Anton Gunn, Regional Director of the Region IV Office of the U.S. Department of Health and Human Services, spoke at a Policy Watch Crucial Conversation lunch recently. One question he was asked was how the new Affordable Care Act will lower health costs. Gunn explained how new efforts like the Partnership for Patients can help:
The latest rumor making the rounds of the Legislative Building and the Tweetosphere is that Republicans are considering the certifiably treacherous step of passing a series of “local bills” to enact mandatory photo ID for voting on a county-by-county basis.
The Governor cannot veto “local bills” — which are supposed to deal with truly local matters and are certainly not supposed to be used as a subterfuge to avoid constitutional requirements for passing statewide legislation. The R’s already employed this trick to evade the Guv’s veto of legislation that would have limited access to federal student loans for community college students.
As Chris Fitzsimon made clear in this morning’s column on the amazingly arrogant House Majority Leader, “This is clearly an ideological crusade now, not a legislative session.”
As reported by Laura Leslie of WRAL and others, it appears that the basic reproductive freedoms of North Carolina women (freedoms like the right not have your decisions about your body interfered with by the man who raped and forcibly impregnated you) are likely in the hands of one person — Wake County Senator Richard Stevens.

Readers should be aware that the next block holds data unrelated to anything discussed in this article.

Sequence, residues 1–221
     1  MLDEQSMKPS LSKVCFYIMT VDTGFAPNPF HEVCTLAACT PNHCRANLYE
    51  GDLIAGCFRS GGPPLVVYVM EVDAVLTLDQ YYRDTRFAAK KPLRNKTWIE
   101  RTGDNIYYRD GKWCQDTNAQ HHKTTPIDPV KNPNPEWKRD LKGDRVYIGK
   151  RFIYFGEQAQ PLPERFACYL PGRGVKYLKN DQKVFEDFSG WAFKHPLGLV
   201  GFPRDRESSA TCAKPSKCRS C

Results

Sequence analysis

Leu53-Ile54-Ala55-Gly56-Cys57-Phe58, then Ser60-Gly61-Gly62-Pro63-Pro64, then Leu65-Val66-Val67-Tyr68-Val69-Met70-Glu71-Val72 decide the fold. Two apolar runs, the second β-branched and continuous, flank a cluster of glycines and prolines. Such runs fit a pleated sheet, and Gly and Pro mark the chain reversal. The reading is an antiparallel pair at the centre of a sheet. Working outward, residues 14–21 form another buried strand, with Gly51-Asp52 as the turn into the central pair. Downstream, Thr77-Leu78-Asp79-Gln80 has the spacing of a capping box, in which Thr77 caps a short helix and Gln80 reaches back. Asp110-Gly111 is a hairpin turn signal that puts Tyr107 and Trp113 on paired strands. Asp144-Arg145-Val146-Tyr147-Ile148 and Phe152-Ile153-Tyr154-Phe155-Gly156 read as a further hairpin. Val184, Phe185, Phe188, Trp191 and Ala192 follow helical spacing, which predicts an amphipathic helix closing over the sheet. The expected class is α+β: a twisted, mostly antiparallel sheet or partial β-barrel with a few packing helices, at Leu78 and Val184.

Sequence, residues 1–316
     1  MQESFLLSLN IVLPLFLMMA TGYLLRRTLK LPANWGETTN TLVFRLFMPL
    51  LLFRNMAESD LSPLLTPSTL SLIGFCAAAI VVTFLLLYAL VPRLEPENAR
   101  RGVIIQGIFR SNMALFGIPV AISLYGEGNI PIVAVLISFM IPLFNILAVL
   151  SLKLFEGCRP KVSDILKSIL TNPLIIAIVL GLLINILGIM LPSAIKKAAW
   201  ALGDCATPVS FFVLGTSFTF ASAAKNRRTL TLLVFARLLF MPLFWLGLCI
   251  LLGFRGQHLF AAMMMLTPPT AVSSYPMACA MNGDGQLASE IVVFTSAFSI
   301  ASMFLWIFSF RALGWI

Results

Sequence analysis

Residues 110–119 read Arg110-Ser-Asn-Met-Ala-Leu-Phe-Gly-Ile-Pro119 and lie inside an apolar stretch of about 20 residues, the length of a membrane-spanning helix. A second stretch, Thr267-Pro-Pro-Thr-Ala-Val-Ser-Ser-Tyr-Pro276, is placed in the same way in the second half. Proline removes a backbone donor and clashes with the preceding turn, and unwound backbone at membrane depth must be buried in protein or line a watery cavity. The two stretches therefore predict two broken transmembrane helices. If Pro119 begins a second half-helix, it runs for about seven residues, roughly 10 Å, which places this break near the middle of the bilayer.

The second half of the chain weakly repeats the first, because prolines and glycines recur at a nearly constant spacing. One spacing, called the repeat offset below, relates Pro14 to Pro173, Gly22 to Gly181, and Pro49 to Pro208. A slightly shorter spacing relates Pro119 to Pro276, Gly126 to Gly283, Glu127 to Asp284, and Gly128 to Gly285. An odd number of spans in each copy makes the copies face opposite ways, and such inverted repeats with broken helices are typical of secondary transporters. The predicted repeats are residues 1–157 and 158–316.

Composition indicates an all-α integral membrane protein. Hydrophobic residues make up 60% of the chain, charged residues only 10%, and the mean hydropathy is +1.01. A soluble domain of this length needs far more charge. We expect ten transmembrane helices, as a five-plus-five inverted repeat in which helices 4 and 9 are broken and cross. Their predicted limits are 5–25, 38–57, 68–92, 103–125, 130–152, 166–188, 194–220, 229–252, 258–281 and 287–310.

Stevens always liked to cast himself as a moderate in his days in the minority. He voted for the Democratic state budget just last year and “took a walk” the first time the abortion bill came up. This, however, will be the acid test. Will Stevens do the right thing (something his moderate suburban constituents would no doubt overwhelmingly support) or will he cast his lot with the theocrats and radical right? Based on his performance thus far this session, it appears that matters are hanging by one helluva thin reed.
(UPDATED: Josh Ellis of State Government Radio reports that Stevens is out all week. With Republican Senator Stan Bingham apparently still opposed to the bill, anti-choice advocates could be out of luck — at least for now).
In Keever’s own district, 80 teaching assistants and 10 custodians lost their jobs last month with Buncombe County Schools because of budget constraints.
Keever, who appears on News & Views this weekend, said of Hayes’ remarks “it’s atrocious that anybody would take joy in somebody losing a job.” Read more
Republican lawmakers and their sycophants keep claiming that they are running the legislature “like a business” these days. Well, if that’s true, the “business” is one of those mysterious, fly-by-night furniture stores that are perpetually “going out of business.”
Between shutting off debate countless times, constantly employing procedural tricks, changing the rules on the fly and, lately, changing the reason they’re even in Raleigh (and how long they plan to stay) on almost daily basis, the endless 2011 session has become a painful and seemingly endless embarrassment.